On Thursday, NASA announced the end of its Martian helicopter mission, Ingenuity, after completing 72 historic flights on the Red Planet over three years.
Ingenuity started its operations in April 2021 to become the first aircraft to operate and fly on another planet.
Ending the mission came after the latest Imagery and data showed that one or more of the chopper’s carbon fiber rotor blades of the small device was damaged while landing during its final flight on January 18.
The team highlighted that the helicopter will not be able to conduct any flights, according to the space agency.
Ingenuity, which traveled to Mars as the Perseverance rover's companion, was designed to fly over the surface of the Red Planet to explore and scan it. It was expected that the small Martian helicopter could carry out five flights, however, its abilities exceeded the expectations of the experts and successfully captured interesting images of the planet.
Together, the rover and its helicopter spent the majority of their time on Mars in the past few years in Jezero Crater where Perseverance collected Martian samples.
NASA Administrator Bill Nelson said in a statement: “The historic journey of Ingenuity, the first aircraft on another planet, has come to end,” adding: “That remarkable helicopter flew higher and farther than we ever imagined and helped NASA do what we do best — make the impossible, possible. Through missions like Ingenuity, NASA is paving the way for future flight in our solar system and smarter, safer human exploration to Mars and beyond.”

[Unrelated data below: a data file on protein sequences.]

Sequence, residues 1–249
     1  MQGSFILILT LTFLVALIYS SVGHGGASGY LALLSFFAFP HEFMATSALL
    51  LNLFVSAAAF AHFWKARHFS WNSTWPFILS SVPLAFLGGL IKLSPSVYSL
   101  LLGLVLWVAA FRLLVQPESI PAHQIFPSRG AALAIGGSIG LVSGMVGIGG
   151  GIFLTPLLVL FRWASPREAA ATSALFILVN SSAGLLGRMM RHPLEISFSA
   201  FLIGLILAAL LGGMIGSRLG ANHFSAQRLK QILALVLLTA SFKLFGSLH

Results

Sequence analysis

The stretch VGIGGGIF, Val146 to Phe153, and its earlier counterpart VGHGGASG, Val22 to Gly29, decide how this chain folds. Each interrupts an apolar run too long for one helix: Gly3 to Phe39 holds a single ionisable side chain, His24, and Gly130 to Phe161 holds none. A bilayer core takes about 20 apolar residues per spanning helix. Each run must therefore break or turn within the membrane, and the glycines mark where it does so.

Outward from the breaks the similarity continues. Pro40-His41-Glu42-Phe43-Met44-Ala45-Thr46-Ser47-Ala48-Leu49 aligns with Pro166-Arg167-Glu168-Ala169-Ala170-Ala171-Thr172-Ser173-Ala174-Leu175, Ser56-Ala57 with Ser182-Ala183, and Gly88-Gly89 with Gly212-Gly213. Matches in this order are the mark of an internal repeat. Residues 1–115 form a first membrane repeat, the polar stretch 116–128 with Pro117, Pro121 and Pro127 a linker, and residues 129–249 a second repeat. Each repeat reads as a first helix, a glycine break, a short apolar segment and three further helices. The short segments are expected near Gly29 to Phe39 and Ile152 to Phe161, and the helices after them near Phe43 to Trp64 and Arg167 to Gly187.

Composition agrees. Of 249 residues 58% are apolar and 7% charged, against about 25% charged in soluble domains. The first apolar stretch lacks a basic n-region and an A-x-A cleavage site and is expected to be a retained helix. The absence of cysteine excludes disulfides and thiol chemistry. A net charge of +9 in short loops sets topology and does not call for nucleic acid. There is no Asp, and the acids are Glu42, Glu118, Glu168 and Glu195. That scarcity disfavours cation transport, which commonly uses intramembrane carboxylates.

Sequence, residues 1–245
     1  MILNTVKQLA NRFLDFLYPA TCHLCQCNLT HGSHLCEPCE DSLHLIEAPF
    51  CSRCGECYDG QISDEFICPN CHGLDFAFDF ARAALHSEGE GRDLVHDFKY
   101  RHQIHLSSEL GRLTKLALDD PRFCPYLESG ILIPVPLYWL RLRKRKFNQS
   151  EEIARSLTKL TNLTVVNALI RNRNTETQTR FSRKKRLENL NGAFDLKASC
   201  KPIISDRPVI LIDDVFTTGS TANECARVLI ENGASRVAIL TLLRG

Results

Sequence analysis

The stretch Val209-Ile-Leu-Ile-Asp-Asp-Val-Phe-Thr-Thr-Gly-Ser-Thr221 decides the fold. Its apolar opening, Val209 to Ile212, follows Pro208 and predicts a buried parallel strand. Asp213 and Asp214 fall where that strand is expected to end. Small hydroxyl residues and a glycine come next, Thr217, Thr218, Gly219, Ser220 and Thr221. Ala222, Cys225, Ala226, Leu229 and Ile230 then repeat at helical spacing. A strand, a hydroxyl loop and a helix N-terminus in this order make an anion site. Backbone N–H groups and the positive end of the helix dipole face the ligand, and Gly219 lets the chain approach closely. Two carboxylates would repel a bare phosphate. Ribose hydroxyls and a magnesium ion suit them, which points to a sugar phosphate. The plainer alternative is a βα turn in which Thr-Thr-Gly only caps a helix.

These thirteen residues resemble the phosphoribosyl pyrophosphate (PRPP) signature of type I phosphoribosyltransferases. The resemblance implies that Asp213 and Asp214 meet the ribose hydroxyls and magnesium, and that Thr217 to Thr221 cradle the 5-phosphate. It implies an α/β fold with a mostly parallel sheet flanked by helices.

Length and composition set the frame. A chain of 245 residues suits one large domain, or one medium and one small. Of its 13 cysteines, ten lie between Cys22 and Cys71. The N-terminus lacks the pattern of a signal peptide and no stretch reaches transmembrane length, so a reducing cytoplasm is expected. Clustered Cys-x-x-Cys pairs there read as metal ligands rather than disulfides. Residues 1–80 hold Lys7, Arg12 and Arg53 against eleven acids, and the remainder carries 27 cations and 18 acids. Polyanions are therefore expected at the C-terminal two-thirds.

Apart from achieving the first Wright brothers moment on another planet, Ingenuity logged many milestones. It flew 14 times farther and 33 times longer than planned, logging more than 2 hours of flight time.
Laurie Leshin, director of the Jet Propulsion Laboratory, said in a statement: “Ingenuity is an exemplar of the way we push the boundaries of what’s possible every day. I’m incredibly proud of our team behind this historic technological achievement and eager to see what they’ll invent next.”
On its side, the Perseverance operating team posted on X: "The sols won’t be the same without the Mars Helicopter. Thanks, Ingenuity, for being my partner in exploration from the very beginning."